They could always put off training until they got back in the evening, but that just made things worse. No beer! None of the sticky wine! Their friends would slyly tempt them, to see if they really took all that training stuff seriously. It was too much to ask. Better to get it all over with and then be able to enjoy the day like any other citizen."


 Any of this sound familiar in your life. I'm bettin' the answer's yes.


 



 



Monday, July 16, 2012

The Triathlete's Work Out Guilt, Sure You Have It



Underpants run participant, Kona, Hawaii, 2011

"It's not having what you want, it's wanting what you've got" 
                                                                   Sheryl Crow

Triathlon training takes a long time. (Duh, many of you say.) This is especially true when preparing for the longer distance events. There's only so much you can do squeezing training in and around your schedule before you have to do the same to their schedule whether "they" is wife, husband, kids, co-workers, etc. Frequently we find ourselves battling that inner demon who tells us that we need 30 more minutes on this run but our soul tells us to go home and relieve the baby sitter.

I was rereading John L. Parker, Jr.'s "Once a Runner" this week and thought a page spoke directly to this. I'm sure you've all read this wonderful text - if not go to Amazon.com and order a copy right now - but wanted to refresh your thought processes reminding us that endurance athletes have had to vault this hurdle for ages.

Here are fictional runner Quenton Cassidy's thoughts on the subject while tubing down the Ichetucknee River with his girlfriend Andrea:

"In order to arrange this day of perfect drifting, an entirely traditional local pastime, he and Mizner - now floating up ahead with his date - had arisen at 7:30 and run seventeen miles. It was the only way they could spend their day in the sweet haze of Boone's Farm apple wine and still appease the great white Calendar God whose slighted or empty squares would surely turn up someday to torment the quilt-ridden runner. They went through such contortions occasionally to prove to themselves that their lives didn't have to be so abnormal, but the process usually just ended up accentuating the fact. There were several ways it could be done. If they were going to the beach, they might put it off and run when they got there, but contrary to popular opinion, beach running is only jolly fun for the first five miles or so. After that, the cute little waves become redundant, the sand reflects the sun up into the eyes blindingly, grains of sand slip annoyingly into the heel of the shoe or flip up on the back of the leg. Fifteen hot miles on a long, flat beach sounds like good sport only to those who haven't actually done it. Also, the ocean is too infinite: the run seems as if it will never end.

They could always put off training until they got back in the evening, but that just made things worse. No beer! None of the sticky wine! Their friends would slyly tempt them, to see if they really took all that training stuff seriously. It was too much to ask. Better to get it all over with and then be able to enjoy the day like any other citizen."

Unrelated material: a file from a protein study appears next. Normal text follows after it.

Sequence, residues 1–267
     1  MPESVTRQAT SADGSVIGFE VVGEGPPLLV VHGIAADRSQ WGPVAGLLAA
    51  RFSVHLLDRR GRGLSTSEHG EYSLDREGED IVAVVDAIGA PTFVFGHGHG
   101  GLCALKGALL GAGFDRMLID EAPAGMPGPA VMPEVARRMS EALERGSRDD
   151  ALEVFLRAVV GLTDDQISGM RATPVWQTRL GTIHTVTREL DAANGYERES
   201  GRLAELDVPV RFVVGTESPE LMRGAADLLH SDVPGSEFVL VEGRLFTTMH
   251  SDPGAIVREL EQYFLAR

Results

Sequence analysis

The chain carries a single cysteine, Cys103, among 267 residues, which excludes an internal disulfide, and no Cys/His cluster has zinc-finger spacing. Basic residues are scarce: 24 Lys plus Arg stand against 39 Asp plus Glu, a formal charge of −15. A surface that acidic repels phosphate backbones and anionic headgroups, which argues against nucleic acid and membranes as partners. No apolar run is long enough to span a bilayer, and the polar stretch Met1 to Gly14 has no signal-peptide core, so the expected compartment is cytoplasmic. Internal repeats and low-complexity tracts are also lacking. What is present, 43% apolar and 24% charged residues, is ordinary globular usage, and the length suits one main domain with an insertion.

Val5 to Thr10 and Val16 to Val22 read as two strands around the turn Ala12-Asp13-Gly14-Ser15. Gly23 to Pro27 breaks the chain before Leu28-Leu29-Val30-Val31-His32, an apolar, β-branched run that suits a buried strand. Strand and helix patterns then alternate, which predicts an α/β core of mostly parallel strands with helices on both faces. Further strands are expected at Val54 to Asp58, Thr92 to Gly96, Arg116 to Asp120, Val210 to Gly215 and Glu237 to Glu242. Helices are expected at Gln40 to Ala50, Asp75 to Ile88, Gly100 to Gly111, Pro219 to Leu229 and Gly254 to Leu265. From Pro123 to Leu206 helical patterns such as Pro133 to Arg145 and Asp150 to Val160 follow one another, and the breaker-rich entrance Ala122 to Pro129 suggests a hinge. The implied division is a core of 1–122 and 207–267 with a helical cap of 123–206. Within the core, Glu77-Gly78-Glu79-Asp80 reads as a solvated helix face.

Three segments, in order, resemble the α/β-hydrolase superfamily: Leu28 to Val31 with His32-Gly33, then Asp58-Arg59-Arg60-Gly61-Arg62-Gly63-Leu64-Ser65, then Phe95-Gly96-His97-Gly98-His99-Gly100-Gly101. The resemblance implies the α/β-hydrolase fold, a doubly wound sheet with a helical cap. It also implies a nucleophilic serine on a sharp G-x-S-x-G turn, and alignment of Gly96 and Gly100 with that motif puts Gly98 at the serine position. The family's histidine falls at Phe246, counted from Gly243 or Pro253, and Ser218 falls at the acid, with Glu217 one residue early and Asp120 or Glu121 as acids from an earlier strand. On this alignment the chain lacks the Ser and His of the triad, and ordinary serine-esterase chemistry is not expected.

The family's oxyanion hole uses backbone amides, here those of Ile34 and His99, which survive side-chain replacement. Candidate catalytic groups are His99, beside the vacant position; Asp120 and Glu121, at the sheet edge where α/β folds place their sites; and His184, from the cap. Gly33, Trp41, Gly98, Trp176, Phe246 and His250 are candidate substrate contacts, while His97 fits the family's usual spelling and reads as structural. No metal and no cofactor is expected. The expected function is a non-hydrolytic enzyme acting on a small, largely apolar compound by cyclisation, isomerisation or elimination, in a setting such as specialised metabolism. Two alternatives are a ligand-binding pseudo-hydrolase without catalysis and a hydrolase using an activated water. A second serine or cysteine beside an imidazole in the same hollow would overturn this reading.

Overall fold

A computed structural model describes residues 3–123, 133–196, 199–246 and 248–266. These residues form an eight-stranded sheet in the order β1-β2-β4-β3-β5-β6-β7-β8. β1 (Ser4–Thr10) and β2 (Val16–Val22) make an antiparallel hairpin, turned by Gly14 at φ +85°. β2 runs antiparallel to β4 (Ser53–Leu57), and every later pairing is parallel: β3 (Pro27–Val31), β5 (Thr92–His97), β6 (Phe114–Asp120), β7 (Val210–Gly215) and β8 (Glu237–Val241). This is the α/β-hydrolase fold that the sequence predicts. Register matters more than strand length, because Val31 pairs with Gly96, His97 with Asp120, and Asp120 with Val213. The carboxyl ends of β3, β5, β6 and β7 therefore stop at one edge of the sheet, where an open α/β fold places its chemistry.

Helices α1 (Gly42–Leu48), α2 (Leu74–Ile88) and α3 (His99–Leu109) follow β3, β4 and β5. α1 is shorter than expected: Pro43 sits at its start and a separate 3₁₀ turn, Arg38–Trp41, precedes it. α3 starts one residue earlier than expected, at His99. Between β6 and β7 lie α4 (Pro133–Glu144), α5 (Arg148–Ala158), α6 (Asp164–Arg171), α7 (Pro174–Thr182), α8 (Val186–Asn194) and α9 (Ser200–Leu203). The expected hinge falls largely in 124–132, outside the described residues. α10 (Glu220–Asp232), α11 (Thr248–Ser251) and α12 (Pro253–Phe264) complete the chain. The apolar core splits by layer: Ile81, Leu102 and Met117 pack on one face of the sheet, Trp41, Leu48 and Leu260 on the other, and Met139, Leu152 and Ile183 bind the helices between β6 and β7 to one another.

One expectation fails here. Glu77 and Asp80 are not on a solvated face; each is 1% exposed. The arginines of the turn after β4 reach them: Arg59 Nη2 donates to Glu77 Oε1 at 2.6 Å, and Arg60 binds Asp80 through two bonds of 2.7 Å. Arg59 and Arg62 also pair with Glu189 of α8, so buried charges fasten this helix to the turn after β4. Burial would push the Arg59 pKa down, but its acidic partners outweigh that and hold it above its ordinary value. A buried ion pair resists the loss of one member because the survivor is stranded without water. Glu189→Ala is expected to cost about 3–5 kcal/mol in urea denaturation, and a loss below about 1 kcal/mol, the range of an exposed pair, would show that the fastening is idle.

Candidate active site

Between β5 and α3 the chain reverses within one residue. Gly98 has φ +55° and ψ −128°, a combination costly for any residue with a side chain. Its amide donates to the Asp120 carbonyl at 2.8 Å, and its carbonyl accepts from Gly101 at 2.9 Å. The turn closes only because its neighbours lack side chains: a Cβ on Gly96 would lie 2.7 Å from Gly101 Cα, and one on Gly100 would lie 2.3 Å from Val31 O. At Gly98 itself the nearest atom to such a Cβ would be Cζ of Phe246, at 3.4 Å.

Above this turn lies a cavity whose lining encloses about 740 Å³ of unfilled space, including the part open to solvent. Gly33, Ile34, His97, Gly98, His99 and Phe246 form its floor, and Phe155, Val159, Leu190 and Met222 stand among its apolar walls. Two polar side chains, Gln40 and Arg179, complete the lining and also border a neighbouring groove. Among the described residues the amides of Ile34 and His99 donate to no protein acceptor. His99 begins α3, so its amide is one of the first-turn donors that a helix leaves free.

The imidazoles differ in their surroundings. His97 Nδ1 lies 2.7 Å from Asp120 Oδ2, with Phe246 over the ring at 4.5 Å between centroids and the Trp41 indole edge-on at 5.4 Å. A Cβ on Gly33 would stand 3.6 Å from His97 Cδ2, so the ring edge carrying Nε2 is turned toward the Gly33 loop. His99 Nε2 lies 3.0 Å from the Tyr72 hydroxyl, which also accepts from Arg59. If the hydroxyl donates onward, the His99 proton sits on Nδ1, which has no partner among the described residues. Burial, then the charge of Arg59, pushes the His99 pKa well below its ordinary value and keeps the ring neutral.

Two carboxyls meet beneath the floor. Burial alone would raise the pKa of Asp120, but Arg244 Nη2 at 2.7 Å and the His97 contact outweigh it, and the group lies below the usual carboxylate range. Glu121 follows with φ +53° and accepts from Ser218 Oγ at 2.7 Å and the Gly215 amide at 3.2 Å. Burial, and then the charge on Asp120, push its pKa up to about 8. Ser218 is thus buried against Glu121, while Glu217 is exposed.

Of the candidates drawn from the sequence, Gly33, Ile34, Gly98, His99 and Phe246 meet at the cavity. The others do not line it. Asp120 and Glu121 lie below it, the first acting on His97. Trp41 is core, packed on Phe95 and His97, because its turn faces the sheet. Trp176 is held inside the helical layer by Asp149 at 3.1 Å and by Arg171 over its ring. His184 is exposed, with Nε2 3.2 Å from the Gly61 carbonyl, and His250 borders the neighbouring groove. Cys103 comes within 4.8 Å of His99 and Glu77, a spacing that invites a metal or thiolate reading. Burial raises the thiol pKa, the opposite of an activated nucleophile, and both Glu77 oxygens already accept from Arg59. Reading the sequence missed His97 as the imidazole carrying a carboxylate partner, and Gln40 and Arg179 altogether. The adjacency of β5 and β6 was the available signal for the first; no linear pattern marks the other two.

Any of this sound familiar in your life. I'm bettin' the answer's yes.




Wednesday, July 11, 2012

Knee Pain in Female Athletes


"Luck has nothing to do with it, because I have spent many, many hours, countless hours, on the court working for my one moment in time, not knowing when it would come."      Serena Williams
















Surface to air missiles in London Olympics: It's interesting to see what lengths we need to go to as a society to protect athletes.  Recently, it was announced that there would be 6 sites around London where surface to air missiles will be positioned to counter the threat of terrorism.  These missiles are part of an elaborate plan to thwart a potentially hijacked plane.

 


Knee pain in female athletes
Much has  been written regarding exercise based knee pain, particularly in women. Traditionally, when we see female athletes/runners in the office, the most common location of pain is over the anterior knee, the so-called patella femoral pain syndrome or PFPS.  This is best described as pain when running, squatting, up and down stairs and especially after prolonged sitting.  A recent study published in the Journal of Bone and Joint Surgerycompared the rehabilitative efforts of two groups of female runners randomly assigned to either the common knee exercise program of quadriceps strengthening, etc., or one centered on hip strengthening.  Both groups did flexibility exercises before performing the strengthening program.

After 4 weeks of either exercise regimen both groups were re-evaluated.  Interestingly, less knee pain was found in the hip exercise group than the knee exercise group.  The authors concluded that in females with PFPS, performing the hip program was more effective at reducing pain in the first 4 weeks of rehabilitation.